Functional annotation of genes that were modulated only in infected males identified four groups of keywords (Table 2). Groups 1 and 3 are related to signal transduction and cell-cell adhesion, respectively. Keyword group 2 is related to genes encoding defensins. Although defensins are peptides with antimicrobial properties [33], [34], their role against C. burnetii infection has never been reported. Defensins such as Defcr3, Hamp1 and Hamp2 were down-regulated in infected males, suggesting that the reduced expression of defensins favors early infection in males. Hepcidins (Hamp1 and Hamp2) reduce iron availability for invading microorganisms by reducing extracellular iron concentrations [35]. As has been recently suggested, greater iron availability in males may favor C. burnetii replication [36]. It has also been shown that hepcidins are differentially expressed in male and female mice [37], [38]. Keyword group 4 is related to cytokines and the Jak/Stat pathway. The gene encoding interleukin (IL)-10 was up-regulated in males. These results were confirmed by RT-PCR (Table S2), and a time course study showed that males overproduced interleukin (IL)-10 mRNA compared with females independently of the duration of infection (Fig. 3A). Note that the expression of the gene encoding Stat 3, a transcription factor known to be targeted by IL-10, was higher in males than in females. We previously showed that IL-10 enables monocytes to support C. burnetii replication [39], [40] and that chronic evolution of Q fever is associated with increased production of IL-10 [41]. However, to our knowledge, a link between IL-10 and sexual dimorphism in C. burnetii infection has never been reported. Interferon (IFN)-γ, which is critical for protection against intracellular bacteria and C. burnetii infection [42], was weakly modulated in male and female mice one day after infection as determined by microarray and RT-PCR (Table S2). A time course analysis revealed that the gene encoding IFN-γ was dramatically up-regulated at days 4 and 7 post-infection (Fig. 3B), suggesting that IFN-γ induces deleterious effects in parallel with the resolution of C. burnetii infection. The expression of the IL-6 gene was slightly up-regulated in females (Table S2), and a time course study showed that the IL-6 gene was dramatically over-expressed at days 4 and 7 post-infection, especially in females (Fig. 3C). After trauma-hemorrhage, IL-6 release by macrophages is suppressed in male mice but not in female mice [43], suggesting that sex and IL-6 production are related. Taken together, these results suggest that males develop an early anti-inflammatory response that may favor increased bacterial burden at the onset of infection and may promote antibody production in an IL-10-dependent manner. This may account for the presence of auto-antibodies in men with Q fever.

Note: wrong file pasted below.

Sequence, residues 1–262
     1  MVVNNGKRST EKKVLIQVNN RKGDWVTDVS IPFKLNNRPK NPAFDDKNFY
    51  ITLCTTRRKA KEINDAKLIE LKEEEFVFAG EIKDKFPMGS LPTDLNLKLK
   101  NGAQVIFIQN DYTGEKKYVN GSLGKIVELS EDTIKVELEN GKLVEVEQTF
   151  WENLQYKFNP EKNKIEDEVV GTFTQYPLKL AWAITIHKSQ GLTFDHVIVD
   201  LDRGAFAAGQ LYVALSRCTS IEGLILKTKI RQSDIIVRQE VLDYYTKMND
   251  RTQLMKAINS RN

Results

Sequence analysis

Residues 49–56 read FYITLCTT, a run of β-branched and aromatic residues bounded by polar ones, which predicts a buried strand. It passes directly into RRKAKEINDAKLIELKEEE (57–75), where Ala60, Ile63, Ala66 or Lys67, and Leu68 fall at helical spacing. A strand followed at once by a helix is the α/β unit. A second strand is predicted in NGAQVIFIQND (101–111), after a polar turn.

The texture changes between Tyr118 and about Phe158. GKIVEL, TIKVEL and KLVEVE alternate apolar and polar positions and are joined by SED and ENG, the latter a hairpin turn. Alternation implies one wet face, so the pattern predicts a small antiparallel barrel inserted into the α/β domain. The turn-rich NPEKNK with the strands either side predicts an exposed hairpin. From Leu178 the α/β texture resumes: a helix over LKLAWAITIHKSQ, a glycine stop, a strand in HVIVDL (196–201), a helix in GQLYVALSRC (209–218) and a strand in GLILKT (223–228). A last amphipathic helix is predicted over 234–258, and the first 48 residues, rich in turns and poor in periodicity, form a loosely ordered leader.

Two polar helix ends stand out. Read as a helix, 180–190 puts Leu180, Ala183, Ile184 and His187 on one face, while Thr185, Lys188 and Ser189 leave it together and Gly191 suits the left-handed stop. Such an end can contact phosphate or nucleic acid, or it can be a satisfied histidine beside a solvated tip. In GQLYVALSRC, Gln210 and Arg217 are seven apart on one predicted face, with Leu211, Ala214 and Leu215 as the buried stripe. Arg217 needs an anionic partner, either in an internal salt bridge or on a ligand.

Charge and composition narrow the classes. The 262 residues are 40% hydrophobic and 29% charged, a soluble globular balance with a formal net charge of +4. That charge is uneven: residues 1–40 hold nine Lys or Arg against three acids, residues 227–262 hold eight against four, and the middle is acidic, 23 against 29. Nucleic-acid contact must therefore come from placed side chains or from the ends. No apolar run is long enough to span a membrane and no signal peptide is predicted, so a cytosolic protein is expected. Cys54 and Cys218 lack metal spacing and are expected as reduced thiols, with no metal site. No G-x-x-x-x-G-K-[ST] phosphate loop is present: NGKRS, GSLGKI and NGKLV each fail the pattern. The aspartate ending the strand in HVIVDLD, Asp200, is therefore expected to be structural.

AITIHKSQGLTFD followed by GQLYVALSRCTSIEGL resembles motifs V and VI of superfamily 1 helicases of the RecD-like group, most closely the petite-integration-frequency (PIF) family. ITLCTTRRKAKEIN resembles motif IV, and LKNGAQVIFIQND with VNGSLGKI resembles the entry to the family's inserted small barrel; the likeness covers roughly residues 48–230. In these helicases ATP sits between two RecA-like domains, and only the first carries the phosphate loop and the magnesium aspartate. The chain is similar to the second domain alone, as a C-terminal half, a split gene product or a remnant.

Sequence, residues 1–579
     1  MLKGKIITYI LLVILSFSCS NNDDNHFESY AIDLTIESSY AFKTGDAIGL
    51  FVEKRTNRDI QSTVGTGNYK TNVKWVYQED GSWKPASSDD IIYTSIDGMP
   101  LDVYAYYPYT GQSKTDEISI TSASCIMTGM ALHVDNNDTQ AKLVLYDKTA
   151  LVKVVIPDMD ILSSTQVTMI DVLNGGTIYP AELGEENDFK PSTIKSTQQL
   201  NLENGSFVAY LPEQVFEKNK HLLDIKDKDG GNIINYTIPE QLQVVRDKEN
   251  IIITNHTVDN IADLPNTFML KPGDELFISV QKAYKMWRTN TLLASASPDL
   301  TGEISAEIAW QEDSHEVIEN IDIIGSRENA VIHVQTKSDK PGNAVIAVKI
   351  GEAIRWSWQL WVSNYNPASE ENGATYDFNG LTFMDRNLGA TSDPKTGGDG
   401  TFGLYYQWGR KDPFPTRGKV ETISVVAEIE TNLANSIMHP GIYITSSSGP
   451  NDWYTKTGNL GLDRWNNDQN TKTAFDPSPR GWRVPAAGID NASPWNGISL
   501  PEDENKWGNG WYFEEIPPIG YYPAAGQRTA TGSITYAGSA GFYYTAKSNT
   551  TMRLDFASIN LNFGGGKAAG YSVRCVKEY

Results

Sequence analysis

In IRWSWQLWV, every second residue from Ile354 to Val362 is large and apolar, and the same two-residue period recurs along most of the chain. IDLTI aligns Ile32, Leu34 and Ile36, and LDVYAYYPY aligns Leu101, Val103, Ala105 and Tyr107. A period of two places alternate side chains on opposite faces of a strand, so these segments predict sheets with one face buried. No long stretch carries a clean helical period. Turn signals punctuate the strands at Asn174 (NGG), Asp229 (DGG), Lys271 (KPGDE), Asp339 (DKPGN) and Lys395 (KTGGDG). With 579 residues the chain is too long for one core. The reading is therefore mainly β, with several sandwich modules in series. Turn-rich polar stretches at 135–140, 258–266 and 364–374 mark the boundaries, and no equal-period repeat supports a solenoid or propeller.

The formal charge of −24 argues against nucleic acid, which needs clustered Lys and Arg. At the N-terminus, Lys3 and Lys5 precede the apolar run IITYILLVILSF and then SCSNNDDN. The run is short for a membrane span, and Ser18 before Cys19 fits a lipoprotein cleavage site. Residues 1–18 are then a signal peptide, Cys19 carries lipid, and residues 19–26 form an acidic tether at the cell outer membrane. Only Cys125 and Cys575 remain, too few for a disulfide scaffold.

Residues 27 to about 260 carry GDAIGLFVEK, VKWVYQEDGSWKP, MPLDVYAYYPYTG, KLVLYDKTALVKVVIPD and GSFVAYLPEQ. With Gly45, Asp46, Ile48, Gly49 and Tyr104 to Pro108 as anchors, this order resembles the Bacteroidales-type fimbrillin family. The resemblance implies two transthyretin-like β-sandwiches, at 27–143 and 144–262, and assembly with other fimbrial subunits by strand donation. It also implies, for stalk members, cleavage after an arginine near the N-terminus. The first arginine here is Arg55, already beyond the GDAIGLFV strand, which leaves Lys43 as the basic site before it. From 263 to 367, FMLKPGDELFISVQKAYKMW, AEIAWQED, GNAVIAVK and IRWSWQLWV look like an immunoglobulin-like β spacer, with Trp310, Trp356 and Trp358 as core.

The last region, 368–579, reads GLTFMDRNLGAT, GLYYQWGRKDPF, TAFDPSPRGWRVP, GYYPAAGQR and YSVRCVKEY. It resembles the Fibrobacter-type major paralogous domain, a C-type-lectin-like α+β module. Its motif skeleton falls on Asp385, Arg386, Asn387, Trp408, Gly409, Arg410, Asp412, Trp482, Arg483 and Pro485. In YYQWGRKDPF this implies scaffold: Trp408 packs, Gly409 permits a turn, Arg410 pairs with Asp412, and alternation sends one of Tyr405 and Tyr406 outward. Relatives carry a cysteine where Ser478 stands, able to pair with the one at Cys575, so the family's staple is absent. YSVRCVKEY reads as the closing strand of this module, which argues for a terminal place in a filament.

Figure 3